Soft economies hit casino profits

Casino operator SkyCity's prospects for growth hinge on cashing in on concessions gained from building convention centres in Auckland and Adelaide, analysts say.

The observations came after SkyCity Entertainment Group yesterday posted an after-tax profit for the half-year to December 31 of $61.1 million. It was 8 per cent down on the same period in 2012.

Chief executive Nigel Morrison said the result was in line with guidance.

SkyCity, which has significant operations in Australia, blamed the lower profit on the high kiwi and soft economic conditions on both sides of the Tasman.

Morningstar senior equities analyst Nachi Moghe said while the profit drop was expected, it was "disappointing". Its flagship casino in Auckland experienced a flat six months, with profits nudged upwards after $2.5m in marketing costs were cut.

Moghe described the business as "mature" and noted total revenue was down, despite SkyCity's share of gaming revenue in Auckland increasing.

"The core gaming machine business is problematic and has been very sluggish," he said.

Moghe said the main prospects for growth, particularly with a subdued Australian economy, came from deals struck with governments in New Zealand and South Australia to build convention centres.

"That's the main area of growth - they'll get more machines and tables. Organic growth will be pretty subdued, and expansion is what's going to drive machine revenues up."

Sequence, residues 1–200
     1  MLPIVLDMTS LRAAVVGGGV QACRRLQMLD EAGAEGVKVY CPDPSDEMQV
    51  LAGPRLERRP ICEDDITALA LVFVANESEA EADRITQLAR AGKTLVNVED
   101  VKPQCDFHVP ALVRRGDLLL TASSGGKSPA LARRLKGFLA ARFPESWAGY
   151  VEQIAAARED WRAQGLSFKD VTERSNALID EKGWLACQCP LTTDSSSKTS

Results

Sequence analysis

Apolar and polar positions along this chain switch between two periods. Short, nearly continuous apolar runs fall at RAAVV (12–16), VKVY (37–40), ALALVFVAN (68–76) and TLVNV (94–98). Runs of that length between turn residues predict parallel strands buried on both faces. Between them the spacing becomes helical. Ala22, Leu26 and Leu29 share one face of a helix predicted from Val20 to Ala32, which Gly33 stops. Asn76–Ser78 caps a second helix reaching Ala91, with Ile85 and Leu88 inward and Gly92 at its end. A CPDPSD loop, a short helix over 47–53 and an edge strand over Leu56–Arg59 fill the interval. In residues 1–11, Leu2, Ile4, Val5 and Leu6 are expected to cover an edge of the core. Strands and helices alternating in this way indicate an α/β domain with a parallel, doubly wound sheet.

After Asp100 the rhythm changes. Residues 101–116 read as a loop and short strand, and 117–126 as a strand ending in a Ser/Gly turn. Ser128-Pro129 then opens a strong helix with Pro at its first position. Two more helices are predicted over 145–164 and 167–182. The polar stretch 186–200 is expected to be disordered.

The Adelaide deal has been formally actioned, with new gaming machines and tables coming online later this week.

The Auckland deal is trailing further behind, with Moghe picking the second half of 2015 before SkyCity would be able to cash in concessions granted with the New Zealand International Convention Centre deal.

Morrison said concessions struck with the New Zealand Government would come into effect once a construction contract for the $402m centre was signed. He hoped to start receiving construction tenders in May.

According to the firm's own calculations, the high kiwi in relation to the Australian dollar was responsible for only $2.4m of the $8m fall in normalised net profit.

Operations at the group's major operations in Adelaide and Darwin were down 13 per cent and 10 per cent, respectively. It blamed the downturn on construction clogging its casino in Adelaide and "cost pressures" in Darwin.

Chief financial officer James Burrell told a media conference yesterday that while economic conditions were improving in New Zealand, the opposite was true in Australia. "In Australia, there are clearly still challenges for Australian businesses," he said.

"We would say it is more buoyant in New Zealand, from an economic point of view, and we do believe there's growing momentum."

An interim dividend of 10 cents will be paid on April 4, consistent with what was paid in the first half last year.

SkyCity said it had appointed managers and designers for its Auckland convention centre project, with Morrison saying the firm's outlay was "an investment in New Zealand's future".

SkyCity Auckland general manager Simon Jamieson will have overall responsibility for the project as group general manager, while Andrew Buckingham has been appointed project director.

Architect firm Warren and Mahoney will be the lead consultancy.

SkyCity's shares yesterday closed at $3.65, up 1.39 per cent.